By a vote of 215 to 210, the House of Representatives passed a one-year budget enforcement resolution. While it is rare in election years for the House to pass a full budget resolution, the urgency of the fiscal situation in the nation caused the House to pass the one-year plan.
House Budget Chair John Spratt Jr. (D-SC) drafted the plan. He stated, “I am pleased to be introducing the budget enforcement resolution for fiscal year 2011. This resolution sets an overall limit of $1.12 trillion on discretionary spending in next year’s appropriations bills. This limit is well below the comparable request made by the President and $3 billion below the resolution approved by the Senate Budget Committee.”
The comments by Rep. Spratt follow observations during the budget committee hearings by Congressional Budget Office Director Douglas Elmendorf. He indicated that it would not be possible in a fiscally responsible manner to extend the 2001 and 2003 tax cuts for middle-income Americans. In response to his comments, House Majority Leader Steny Hoyer (D-MD) suggested that the middle-class tax cuts enacted in 2001 and 2003 could be extended for one year.
The Ranking Republican on the House Budget Committee is Rep. Paul Ryan (R-WI). He noted, “This Congress has failed to even produce a budget and it has refused to consider the tough choices to deal with our massive debt burdens – a debt burden growing exponentially larger with each kick of the can further down the road.”
In addition to the limit of $1.12 trillion for discretionary programs, the budget resolution reaffirms the “pay-go” rules that are designed to require any additional tax reductions to be offset with tax increases. The resolution also states that the national debt-to-gross domestic product ratio needs “to be stabilized once the economy recovers.”
Editor’s Note: With the increase in expenditures and reduced taxes during the past two years, the government debt as a percentage of the economy has increased substantially. The passage of the one-year budget resolution is a small step toward stabilizing our national finances.
Home Buyer Tax Credit Extended to September 30th
With the sharp decline in home values and an increasing number of foreclosures, Congress created a temporary tax credit for first-time buyers of $8,000 and for other purchasers of new homes of $6,500. In order to qualify for the credit, it was necessary to have a signed contract for purchase by April 30, 2010. The initial deadline for closing contracts signed on or before that date was June 30.
Because many home purchasers could not meet this deadline, the House and Senate have passed the Home Buyer Assistance and Improvement Act of 2010 (H.R. 5623). This bill extends the time for closing from June 30 to September 30.
Chief Economist of the National Association of Realtors Lawrence Yun indicated that this extension of the deadline would be very important. He noted that about “180,000 homebuyers who signed a contract in good faith to receive the tax credit may not be able to finalize by the end of June due to delays in the mortgage process, particularly for short sales.”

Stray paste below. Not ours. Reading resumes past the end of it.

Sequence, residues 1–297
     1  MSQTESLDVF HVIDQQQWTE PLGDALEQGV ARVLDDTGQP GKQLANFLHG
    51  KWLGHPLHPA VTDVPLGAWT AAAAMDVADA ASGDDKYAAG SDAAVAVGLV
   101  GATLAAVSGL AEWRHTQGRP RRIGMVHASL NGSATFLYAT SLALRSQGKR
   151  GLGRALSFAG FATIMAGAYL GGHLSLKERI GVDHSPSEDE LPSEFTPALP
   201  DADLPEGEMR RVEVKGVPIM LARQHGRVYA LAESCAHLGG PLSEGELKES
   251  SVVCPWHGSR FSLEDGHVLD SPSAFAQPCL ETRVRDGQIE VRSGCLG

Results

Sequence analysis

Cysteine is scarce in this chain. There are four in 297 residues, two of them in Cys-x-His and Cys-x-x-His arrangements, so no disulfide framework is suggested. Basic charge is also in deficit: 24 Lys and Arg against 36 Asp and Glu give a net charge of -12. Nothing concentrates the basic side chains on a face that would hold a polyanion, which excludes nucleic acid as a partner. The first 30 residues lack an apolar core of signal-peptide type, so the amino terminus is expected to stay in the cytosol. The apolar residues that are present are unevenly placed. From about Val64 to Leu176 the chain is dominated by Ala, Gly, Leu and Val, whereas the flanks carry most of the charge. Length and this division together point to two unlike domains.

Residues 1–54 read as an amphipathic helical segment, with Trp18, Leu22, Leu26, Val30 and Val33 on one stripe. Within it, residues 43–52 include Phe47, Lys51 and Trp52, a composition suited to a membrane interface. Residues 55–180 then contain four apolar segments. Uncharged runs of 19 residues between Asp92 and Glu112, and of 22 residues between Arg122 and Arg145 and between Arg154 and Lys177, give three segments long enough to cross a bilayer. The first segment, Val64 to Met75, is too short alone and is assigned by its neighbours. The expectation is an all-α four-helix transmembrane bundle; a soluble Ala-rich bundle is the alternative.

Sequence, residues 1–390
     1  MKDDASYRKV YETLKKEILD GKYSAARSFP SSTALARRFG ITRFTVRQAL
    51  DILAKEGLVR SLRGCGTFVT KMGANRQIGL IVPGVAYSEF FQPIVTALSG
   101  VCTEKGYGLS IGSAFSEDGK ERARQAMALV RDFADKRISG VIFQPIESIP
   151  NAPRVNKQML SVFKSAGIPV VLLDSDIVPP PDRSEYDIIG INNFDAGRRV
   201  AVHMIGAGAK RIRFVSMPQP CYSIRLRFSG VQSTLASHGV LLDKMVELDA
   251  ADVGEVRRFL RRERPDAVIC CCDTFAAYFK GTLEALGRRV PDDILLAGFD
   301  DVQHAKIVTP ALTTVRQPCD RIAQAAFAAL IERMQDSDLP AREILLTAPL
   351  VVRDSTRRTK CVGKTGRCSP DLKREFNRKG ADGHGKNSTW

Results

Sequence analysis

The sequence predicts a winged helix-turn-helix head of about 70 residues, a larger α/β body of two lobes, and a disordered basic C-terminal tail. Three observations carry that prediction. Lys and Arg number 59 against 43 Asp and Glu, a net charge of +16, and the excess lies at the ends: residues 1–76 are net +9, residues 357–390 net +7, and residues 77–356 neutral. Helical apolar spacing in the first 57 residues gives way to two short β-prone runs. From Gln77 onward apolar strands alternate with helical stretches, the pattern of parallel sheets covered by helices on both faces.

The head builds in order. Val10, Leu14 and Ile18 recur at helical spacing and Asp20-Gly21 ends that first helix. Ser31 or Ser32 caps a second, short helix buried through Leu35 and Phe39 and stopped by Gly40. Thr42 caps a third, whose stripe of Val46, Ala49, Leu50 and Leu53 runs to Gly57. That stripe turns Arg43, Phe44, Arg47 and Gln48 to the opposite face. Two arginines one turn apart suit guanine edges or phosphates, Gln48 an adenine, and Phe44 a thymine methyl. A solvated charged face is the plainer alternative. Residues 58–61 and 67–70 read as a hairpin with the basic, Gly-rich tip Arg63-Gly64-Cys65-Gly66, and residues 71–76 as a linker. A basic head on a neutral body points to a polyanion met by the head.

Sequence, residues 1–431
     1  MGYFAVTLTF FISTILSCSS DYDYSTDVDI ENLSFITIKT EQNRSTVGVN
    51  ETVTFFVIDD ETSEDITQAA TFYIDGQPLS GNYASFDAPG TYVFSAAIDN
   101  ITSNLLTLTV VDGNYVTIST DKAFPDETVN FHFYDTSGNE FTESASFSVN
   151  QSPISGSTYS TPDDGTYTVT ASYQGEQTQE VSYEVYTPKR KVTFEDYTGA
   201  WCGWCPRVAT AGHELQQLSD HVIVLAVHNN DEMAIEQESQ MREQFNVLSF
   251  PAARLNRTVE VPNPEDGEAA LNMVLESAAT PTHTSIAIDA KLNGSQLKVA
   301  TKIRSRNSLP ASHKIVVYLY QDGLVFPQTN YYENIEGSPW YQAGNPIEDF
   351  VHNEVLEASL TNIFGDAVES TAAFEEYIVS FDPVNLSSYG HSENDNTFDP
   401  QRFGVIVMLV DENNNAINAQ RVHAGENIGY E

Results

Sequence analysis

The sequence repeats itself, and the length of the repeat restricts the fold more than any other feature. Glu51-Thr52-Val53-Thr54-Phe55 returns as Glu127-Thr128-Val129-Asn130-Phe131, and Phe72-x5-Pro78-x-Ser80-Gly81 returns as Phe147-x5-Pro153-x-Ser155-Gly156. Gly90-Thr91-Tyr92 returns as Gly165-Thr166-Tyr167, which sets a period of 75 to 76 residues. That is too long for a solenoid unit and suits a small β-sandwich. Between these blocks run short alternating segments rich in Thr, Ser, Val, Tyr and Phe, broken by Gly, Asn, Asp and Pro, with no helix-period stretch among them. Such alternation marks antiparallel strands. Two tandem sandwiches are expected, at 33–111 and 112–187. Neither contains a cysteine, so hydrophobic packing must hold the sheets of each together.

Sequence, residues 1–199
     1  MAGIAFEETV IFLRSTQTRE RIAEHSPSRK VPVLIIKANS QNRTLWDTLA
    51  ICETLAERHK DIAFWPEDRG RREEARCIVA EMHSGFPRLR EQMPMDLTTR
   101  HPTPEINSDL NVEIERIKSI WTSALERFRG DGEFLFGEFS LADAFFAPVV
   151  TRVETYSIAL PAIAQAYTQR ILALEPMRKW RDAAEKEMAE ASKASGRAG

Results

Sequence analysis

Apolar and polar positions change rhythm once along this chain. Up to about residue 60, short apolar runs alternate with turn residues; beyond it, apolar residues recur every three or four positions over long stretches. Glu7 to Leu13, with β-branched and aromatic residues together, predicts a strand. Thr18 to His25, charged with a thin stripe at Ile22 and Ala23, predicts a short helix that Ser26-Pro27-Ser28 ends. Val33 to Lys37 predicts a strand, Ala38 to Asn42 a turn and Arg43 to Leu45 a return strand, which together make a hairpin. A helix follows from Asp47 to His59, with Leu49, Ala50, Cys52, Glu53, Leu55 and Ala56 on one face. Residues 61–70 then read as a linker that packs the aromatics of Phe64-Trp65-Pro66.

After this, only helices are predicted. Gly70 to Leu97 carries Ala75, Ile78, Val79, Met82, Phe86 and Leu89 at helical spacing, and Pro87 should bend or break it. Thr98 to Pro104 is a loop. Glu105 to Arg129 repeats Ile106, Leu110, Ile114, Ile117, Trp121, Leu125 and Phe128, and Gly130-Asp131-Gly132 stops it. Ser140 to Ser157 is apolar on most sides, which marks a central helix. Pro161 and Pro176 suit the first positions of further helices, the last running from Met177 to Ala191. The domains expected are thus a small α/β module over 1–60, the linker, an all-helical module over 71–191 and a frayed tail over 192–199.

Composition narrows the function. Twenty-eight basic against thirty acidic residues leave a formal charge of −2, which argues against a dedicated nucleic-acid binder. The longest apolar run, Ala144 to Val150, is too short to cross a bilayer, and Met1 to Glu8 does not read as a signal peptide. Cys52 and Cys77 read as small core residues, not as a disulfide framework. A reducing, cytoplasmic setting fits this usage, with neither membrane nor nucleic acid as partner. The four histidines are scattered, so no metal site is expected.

These individuals with contracts by April 30 will now be able to close by September 30 and receive their tax credits.
Editor’s Note: When the tax credit lapsed for new purchases in May, housing sales declined significantly. Congress hopes that extending the deadline to close and benefit from the credit will help the housing recovery to continue.
Supreme Court Unclear on Tax Patents
In Bernard L. Bilski et al. v. David J. Kappos; No. 08-964 (27 Jun 2010), the Supreme Court rejected a patent application by inventors Bilski and Warsaw. The inventors had created a series of mathematical steps that showed how energy commodity purchasers could hedge against price changes. Because it was a “purely mathematical” method, the patent examiner, Board of Patent Appeals, Federal Circuit and Supreme Court all denied the application for a patent.
The Federal Circuit followed a strict “machine-or-transformation test” and denied the patent and limited the potential for other business method patents. However, the Supreme Court in a 4-1-4 decision denied the application but suggested that some business method patents may be approved.
Justice Kennedy wrote for the majority and indicated that business patent methods “raise special problems in terms of vagueness and suspect validity.” However, the majority did not explicitly exclude the potential for business patents. Therefore, there still could be tax method patents.
The four dissenting Justices concurred with the dissent by Justice John Paul Stevens. He stated that “Business methods are not patentable.” Justice Scalia concurred in part with the majority and suggested that it maybe possible for there to be business method patents, but they would be very narrowly available.
Editor’s Note: Bilski did not clarify the current uncertainty about tax method patents. Barry Melancon, President of the American Institute of Certified Accountants, promptly issued a press release after the Bilski decision. He called upon Congress to take action. Mr. Melancon indicates, “No one should have to pay more tax than he or she lawfully owes because someone else purports to hold a patent on tax planning.” He noted that there already are 107 tax strategy patents and 145 tax patent applications are pending. Given the 4-1-4 decision in Bilski, the question still remains open on the viability of tax method patents.